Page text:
This is where the beauty of Telraam comes in: given that there was a device in place in the street, another member of the local action group, experienced in data analysis, carried out a detailed analysis. The analysis was carried out, unbeknownst to the WeCount team, who only became aware of this endeavour when contacted by the citizen group to verify their findings. The results are shown in the image below.

The effect of both interventions can be clearly seen, with a decrease of speed limit non-compliance of the first intervention from 47.85% to 36.27%. The second intervention (speed bump) decreased non-compliance further to 8.02%.

The figures below provide a summary of the speed histograms produced by the WeCount team. The first image, on the left, refers to the time period leading up to May 2020, without intervention. The middle picture accounts for the time right after the installation of the digital sign, whereas the right image accounts for the installation of the temporary speed bump until February 2021.

The citizen had a clear vision of what he aimed to achieve with the data analysis. “I wanted to offer the residents of the street an objectified speed measurement with Telraam and to inform the city council about the actual speeds driven in zone 30 so that the city authority can introduce appropriate speed reduction measures”, says the WeCount citizen.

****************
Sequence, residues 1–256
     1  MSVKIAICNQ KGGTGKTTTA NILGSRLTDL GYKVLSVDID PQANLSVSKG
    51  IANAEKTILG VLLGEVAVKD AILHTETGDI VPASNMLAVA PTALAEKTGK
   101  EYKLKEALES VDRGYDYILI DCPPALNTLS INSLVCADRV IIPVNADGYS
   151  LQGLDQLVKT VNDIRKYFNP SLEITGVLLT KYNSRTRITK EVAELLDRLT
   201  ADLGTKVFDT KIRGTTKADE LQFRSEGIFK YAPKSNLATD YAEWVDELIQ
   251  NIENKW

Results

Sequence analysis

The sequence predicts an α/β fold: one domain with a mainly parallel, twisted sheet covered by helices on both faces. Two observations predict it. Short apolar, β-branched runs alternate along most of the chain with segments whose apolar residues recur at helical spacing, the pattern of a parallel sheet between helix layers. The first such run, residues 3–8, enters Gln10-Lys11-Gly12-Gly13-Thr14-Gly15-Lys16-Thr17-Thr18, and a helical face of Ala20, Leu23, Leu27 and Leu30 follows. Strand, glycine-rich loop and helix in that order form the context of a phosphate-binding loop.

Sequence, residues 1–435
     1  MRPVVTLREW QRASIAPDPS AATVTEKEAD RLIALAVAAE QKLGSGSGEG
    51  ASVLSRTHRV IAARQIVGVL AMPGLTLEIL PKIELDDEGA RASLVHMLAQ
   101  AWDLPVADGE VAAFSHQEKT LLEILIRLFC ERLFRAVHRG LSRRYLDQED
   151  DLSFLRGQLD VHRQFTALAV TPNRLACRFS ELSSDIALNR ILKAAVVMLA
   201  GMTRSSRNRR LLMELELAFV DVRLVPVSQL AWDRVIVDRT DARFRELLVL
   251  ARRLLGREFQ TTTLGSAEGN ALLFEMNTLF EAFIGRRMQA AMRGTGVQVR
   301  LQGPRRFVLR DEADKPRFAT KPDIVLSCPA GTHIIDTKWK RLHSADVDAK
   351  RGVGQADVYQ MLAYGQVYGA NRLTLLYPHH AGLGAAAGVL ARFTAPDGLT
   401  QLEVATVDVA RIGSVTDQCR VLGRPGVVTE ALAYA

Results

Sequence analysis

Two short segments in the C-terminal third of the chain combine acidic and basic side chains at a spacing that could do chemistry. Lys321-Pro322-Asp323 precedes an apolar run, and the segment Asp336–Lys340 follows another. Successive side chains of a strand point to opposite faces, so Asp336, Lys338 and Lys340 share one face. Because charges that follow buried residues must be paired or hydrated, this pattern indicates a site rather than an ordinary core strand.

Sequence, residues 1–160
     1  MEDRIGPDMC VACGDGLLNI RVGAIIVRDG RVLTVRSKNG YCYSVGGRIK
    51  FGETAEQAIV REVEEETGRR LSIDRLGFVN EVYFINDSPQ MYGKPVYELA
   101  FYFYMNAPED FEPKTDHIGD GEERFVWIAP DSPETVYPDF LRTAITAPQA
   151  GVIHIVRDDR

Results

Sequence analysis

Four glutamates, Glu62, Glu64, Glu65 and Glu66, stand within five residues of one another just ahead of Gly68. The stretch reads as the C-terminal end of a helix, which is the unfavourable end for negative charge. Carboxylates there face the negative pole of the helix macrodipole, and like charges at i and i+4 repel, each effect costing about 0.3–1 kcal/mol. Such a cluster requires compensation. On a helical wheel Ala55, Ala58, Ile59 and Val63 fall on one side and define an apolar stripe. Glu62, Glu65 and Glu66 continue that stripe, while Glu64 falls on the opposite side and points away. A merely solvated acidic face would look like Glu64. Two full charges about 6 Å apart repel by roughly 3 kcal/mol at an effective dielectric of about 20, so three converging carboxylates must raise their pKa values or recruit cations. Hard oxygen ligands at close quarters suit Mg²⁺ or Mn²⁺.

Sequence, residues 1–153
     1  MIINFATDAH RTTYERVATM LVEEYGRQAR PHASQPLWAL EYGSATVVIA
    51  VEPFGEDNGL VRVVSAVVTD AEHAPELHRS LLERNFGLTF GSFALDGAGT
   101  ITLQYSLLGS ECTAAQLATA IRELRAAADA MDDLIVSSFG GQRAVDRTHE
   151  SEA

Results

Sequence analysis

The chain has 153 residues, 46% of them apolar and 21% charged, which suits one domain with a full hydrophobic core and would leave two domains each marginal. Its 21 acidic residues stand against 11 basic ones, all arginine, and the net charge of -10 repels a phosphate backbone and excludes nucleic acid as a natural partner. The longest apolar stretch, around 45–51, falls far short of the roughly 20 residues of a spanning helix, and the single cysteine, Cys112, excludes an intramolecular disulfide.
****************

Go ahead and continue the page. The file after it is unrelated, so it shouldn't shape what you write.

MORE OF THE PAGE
The potential of Telraam for data analysis and showing the impact of policies is substantial. According to him “the impact of Telraam can be great when addressing the city council as a citizen. I noticed that among others the alderman competent for public works frequently visited the Facebook group SOS Brusselsestraat. Every month overviews appeared there so that the impact of the interventions, provisional or otherwise, could be estimated. The residents' group should therefore connect Telraam with a social medium to keep the requirements and issues in mind.”

WeCount set out with the mission of encouraging and empowering citizens and stakeholders to tackle the common challenges of local transport systems. It aims to achieve this by giving citizens tools to monitor, analyse and interpret the impacts of local transport, local behaviour and actions. The example of the Leuven citizens not only shows that the traffic counting experience can provide citizens with tools for bottom-up policy change, but also that these are able to perform complex data analysis even outside of the project scope.

WeCount also aims at providing a citizen-led tool able to quantify the effects of decisions made. The example of the citizen who used the Telraam data to analyse the impact of the two interventions precisely the type of example of the sensor’s potential to assist politicians and decision-makers in analysing the effect of their policies. WeCount and Telraam do so in real-time and at a low cost.

Want to dig deeper?

Learn more about the Leuven pilot.

All data for this specific road segment is available.